I’m coming back to Anchorage, and I’m not sure what I’ll find. I haven’t been back since 2010, for my Grandmother’s funeral. I’m surprised the time has slipped past so quickly. When I moved in 2008, I only lasted six months before I went back for a visit, and during that visit I resolved to visit more frequently. That didn’t happen. I visited once more in February of 2009, once again during the summer of 2010, and then right on the heels of that in September 2010. That was the last time.
I’m also not entirely sure what the draw is. I still have friends there, many of whom I haven’t seen in a very long time, so I figured it was time to see them. Many other friends, perhaps lured by better jobs or better weather, have also emigrated away. Some of them think I’m crazy to visit in February, but I like empty flights and cheap hotels, and I like a city that’s not overrun with white-sneakered, blue-haired tourists asking everybody how they can stand the sun staying up so late into the evening.
I suppose a big part of it is just needing to see the place to see what’s different and what’s not. Every once in a while I’ll pull up Google Maps and sniff over the fact that my old karate dojo (I was part of the hordes of children that bought into the karate kid craze of the ’80s) is now a Lululemon or that the abomination that is Buffalo Wild Wings has oozed its way north to the future.
I wonder what became of the spaces of national brands that I know no longer exist but haven’t been back to Anchorage since their demise, like Blockbuster Video. I wonder if weirdly cherished old icons like Classic Toys and Cafe del Mundo and the RoundTable Pizza at Dimond Center have survived the steady slide of time. I wonder about the fate of some family owned businesses like Mexico in Alaska and Sandwich Deck – those people eventually have to retire.
I wonder if the Loussac Library still has microfiche and folders hidden away in the Alaska section with actual cutouts of airline-related articles from the Anchorage Daily News that began in the late ’80s and ended somewhere around 1998 – I used to sift through those for hours, and I’m sure my fingerprints are still all over them, assuming they haven’t been shredded and recycled over the last decade.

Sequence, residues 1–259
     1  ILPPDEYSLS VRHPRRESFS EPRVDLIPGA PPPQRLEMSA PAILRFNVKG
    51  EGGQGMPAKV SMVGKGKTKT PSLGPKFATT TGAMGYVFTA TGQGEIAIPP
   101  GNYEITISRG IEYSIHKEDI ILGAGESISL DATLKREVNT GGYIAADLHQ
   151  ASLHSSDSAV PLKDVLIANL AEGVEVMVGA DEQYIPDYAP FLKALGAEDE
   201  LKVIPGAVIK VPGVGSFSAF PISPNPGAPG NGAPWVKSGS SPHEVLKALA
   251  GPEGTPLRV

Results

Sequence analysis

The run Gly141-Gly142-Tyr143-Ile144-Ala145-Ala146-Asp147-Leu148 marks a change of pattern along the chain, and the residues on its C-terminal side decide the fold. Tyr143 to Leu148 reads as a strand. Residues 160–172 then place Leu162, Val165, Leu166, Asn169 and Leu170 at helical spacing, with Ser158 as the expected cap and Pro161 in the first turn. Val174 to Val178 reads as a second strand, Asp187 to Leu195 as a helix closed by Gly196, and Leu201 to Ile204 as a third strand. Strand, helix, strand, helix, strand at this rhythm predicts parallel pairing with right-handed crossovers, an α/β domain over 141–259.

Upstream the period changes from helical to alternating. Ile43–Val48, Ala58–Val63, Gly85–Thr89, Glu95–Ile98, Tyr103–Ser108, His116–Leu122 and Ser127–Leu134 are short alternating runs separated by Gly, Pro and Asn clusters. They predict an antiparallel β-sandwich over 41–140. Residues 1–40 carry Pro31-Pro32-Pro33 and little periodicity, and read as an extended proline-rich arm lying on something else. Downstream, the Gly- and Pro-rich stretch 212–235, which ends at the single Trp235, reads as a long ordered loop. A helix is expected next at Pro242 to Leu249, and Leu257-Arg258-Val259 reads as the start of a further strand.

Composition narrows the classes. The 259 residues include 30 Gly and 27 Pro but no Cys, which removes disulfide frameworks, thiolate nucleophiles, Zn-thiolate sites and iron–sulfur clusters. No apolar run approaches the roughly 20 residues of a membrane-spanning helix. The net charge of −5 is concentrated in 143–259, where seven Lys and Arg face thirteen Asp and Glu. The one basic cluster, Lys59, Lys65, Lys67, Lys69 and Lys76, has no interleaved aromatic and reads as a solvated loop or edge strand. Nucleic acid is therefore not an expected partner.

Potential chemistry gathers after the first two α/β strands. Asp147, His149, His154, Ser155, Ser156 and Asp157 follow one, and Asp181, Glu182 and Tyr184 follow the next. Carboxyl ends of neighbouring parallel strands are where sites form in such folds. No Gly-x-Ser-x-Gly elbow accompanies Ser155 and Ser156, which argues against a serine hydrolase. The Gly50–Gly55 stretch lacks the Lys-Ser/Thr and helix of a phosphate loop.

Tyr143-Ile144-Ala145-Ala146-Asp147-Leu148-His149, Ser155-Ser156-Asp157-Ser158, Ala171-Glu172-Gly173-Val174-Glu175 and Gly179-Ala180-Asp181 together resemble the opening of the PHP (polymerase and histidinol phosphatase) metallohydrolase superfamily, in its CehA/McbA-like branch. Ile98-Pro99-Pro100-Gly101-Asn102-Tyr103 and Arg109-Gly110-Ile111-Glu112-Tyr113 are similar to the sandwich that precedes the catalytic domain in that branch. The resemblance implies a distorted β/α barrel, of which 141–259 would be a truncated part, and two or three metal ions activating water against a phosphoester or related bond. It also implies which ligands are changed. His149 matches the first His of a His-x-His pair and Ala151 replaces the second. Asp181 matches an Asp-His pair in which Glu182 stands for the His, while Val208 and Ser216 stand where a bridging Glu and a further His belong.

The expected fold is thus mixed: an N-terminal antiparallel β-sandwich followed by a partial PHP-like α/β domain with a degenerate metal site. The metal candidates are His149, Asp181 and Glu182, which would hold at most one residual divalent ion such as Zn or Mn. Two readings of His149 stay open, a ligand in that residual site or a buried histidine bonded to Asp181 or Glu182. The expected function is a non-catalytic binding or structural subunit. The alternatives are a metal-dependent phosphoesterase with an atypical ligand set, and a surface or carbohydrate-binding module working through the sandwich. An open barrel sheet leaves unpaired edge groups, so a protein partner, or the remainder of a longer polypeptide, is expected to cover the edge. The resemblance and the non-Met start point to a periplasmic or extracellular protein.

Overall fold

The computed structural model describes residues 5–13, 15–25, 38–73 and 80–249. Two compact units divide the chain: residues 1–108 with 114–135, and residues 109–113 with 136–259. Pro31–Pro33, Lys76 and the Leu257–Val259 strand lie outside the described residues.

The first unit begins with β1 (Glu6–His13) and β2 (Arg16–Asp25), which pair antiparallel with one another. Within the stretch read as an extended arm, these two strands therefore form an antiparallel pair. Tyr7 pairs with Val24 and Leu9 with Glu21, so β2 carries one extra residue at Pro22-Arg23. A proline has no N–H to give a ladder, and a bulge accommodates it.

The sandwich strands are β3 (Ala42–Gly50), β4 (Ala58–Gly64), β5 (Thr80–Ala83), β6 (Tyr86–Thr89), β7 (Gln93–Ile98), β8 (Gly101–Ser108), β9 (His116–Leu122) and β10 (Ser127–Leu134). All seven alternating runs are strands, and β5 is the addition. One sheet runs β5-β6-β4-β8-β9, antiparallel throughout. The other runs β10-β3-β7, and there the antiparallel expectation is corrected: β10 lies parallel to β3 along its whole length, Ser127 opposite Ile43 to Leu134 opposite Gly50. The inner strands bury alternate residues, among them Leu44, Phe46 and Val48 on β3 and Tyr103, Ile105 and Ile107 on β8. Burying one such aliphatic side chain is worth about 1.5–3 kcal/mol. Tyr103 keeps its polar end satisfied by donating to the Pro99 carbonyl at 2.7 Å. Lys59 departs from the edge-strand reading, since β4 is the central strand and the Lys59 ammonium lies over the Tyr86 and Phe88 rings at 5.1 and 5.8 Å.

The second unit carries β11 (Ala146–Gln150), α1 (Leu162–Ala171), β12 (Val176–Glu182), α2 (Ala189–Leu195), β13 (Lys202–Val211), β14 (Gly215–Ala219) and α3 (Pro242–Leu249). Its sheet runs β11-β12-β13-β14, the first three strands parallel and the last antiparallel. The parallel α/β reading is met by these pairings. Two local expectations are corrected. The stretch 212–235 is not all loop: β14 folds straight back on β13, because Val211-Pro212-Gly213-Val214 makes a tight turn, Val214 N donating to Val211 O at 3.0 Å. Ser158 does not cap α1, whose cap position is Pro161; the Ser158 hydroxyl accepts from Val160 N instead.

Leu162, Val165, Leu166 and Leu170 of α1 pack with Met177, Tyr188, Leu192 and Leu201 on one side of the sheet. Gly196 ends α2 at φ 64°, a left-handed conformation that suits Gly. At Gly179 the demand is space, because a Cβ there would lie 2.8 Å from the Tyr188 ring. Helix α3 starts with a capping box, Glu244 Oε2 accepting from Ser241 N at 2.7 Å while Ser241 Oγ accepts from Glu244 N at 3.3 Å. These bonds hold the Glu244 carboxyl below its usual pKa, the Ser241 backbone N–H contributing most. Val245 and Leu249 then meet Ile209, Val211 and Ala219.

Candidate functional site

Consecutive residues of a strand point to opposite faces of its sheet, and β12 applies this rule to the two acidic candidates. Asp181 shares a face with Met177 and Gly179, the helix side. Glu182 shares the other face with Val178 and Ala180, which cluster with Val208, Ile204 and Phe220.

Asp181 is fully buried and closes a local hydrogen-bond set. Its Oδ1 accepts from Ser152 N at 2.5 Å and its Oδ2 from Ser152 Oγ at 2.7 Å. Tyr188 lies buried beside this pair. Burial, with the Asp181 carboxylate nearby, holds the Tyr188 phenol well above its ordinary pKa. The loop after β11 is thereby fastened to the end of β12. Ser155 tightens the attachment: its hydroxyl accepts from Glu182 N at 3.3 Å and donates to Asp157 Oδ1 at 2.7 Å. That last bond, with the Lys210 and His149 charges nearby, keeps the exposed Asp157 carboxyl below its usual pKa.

I know some of my favorite restaurants have closed. I was still there when Harry’s closed, but the space hadn’t yet been released. I’m disappointed to learn that Yamato Ya and New Cauldron and Cafe Croissant no longer exist. I wonder if mall standbys like O’Brady’s Burgers and Brew and The Perfect Cup continue to soldier on, and I wonder if The Castle on O’Malley still has miniature golf, and if Skateland has changed their carpet, and if The Alaska Zoo still smells like popcorn. I’ve recently read the damn Northern Lights Hotel still hasn’t been torn down.
Perhaps I’m just curious to see how well everything has aged. When you leave a place and don’t go back for a period of time, your mind’s eye of the place doesn’t really change, but the place keeps developing just the same. My vision of Carrs Aurora Village still includes photo developing and VHS rentals. Those are probably gone but I also wonder if the deli (which I’ve never seen equaled anywhere in the world) remains, even though it’ll undoubtedly have the same boring brands as its Safeway-affiliated brethren I shop at in Dallas.
I’m just rambling at this point, but it’s a funny feeling, isn’t it, growing older? The older you get the more you’re haunted by your ever-growing cache of memories.
I’m coming back to Anchorage, and I’m not sure what I’ll find.